As a coach, you’ve mentored hundreds of young men to go on to lead successful lives, from high school to Grambling State University, to your current NFL role as SVP of Player Personnel for Washington’s NFL team. You talk a good game about being a man of character almost every chance you get. I’ve heard you myself — and foolishly, I believed you.
Despite all that, you’re now trying to justify the hiring
of linebacker Reuben Foster, almost immediately after he was arrested
on one count of first-degree misdemeanor domestic-violence battery against his on-again-off-again girlfriend. Foster’s former team, the San Francisco 49ers, had the decency to fire Reuben less than 12 hours after his arrest, citing a welcome new team policy: any player who commits domestic violence will no longer have a place on their team.
No other team would touch Foster when he became available — could be this is a sign of progress in the NFL, that team owners, coaches are getting the message that coddling domestic abusers is bad for business? Apparently, Williams and his boss, team owner Dan Snyder, have decided to play by different rules:
Said Williams in a statement
: “If true, you can be sure these allegations are nothing our organization would ever condone.” Odd. While the statement also alluded to “numerous steps” Foster would have to go through before being allowed to play, this sure sounds like Williams condones the allegations — or at least is willing to look past them to get a good linebacker.
Williams added that joining the team would be the “best possible environment (for Reuben) to succeed both personally and professionally.”
As if the best treatment for men who abuse women is to surround them with friends, give them a high-paying job, and put them on TV every week. It’s almost laughable. And one more disturbing example of how the NFL continues to excuse misogyny and abuse against women.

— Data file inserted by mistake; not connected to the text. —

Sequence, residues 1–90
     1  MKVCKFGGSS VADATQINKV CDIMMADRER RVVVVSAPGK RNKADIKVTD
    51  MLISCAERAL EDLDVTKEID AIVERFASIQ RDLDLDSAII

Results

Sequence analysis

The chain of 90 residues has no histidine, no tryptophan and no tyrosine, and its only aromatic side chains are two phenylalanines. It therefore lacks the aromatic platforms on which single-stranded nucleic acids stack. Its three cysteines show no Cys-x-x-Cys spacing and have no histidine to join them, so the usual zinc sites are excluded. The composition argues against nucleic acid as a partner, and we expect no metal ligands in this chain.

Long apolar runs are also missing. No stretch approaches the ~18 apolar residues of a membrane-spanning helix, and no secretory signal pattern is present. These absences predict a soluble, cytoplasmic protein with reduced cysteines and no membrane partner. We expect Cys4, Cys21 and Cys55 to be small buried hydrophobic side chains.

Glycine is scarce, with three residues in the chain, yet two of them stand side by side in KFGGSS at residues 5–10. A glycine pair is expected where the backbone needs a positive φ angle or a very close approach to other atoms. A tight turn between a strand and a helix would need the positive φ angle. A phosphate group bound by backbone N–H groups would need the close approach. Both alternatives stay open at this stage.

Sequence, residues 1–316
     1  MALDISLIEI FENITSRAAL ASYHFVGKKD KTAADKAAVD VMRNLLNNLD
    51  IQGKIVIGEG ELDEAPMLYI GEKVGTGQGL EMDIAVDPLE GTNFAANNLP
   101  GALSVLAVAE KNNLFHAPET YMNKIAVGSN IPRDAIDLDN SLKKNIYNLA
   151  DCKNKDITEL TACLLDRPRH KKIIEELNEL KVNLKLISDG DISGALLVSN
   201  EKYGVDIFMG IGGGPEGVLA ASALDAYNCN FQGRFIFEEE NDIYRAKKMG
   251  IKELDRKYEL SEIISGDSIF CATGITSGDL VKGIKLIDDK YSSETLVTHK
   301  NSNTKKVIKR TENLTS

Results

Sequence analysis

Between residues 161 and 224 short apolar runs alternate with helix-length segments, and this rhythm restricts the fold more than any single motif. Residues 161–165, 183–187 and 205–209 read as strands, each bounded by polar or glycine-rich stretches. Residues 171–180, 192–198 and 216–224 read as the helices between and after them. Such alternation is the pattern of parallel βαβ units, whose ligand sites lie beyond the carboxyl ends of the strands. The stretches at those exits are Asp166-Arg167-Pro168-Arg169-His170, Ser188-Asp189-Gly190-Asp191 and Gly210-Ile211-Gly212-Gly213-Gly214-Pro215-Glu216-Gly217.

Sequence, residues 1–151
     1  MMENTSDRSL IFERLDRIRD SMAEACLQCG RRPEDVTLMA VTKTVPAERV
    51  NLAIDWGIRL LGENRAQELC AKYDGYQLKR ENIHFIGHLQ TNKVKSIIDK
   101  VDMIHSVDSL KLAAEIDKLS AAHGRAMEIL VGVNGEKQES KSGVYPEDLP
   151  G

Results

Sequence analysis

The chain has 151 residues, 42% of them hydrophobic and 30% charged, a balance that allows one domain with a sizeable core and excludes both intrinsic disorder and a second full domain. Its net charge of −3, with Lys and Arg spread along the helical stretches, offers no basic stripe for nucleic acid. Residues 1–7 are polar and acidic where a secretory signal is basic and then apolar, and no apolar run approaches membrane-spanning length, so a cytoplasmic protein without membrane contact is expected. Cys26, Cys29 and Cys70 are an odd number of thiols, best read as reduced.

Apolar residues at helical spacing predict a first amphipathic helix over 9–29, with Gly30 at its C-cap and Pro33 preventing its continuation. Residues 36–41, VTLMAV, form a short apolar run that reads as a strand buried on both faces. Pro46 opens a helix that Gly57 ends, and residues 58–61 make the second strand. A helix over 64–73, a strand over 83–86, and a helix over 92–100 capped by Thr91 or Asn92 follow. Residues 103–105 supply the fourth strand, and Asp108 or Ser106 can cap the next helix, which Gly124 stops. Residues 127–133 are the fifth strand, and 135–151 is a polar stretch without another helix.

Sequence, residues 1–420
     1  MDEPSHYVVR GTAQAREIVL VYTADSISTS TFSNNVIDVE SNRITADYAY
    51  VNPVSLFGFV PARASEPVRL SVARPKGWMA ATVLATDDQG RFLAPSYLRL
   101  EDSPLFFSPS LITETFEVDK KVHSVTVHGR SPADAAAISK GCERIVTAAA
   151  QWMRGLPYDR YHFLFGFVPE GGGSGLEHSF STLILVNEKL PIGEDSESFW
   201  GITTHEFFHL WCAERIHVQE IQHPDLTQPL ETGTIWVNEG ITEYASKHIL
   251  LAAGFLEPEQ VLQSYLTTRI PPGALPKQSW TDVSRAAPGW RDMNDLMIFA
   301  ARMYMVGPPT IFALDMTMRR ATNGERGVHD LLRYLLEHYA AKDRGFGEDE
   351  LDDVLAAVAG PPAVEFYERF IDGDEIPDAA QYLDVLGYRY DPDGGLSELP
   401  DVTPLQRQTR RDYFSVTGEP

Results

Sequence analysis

But dismissing women also comes at a high price. Williams likely forgot that women make up nearly 45% of the NFL fanbase
. We also decide, more times than not, whether we will allow our sons to even play the game, or buy that next NFL jersey. Keeping female fans is a matter of survival for the NFL, and moves like Foster’s hire only disconnect women further from the game.
Men like Foster may have gone unnoticed before Ray Rice, the former Baltimore Raven who was caught on video
violently attacking his fiancée in 2014. Foster’s arrest may have received little attention before #MeToo, before we women put aside our fears and raised our voices to demand consequences for men who use their power to abuse and harass us.
We know our power. If the league intends to keep women watching and spending on the NFL, it cannot keep justifying guys like Reuben Foster.
I’ve met and worked with Doug Williams. I’ve always liked him — since the day he became the first black quarterback
to win a Super Bowl in 1988, destroying the myth that blacks were not smart enough to be signal callers. Williams has been a folk hero to many in the black community. I want him to succeed.
“Black folks want Doug Williams to win,” wrote
Jason Reid of ESPN’s Undefeated when Williams was hired last year.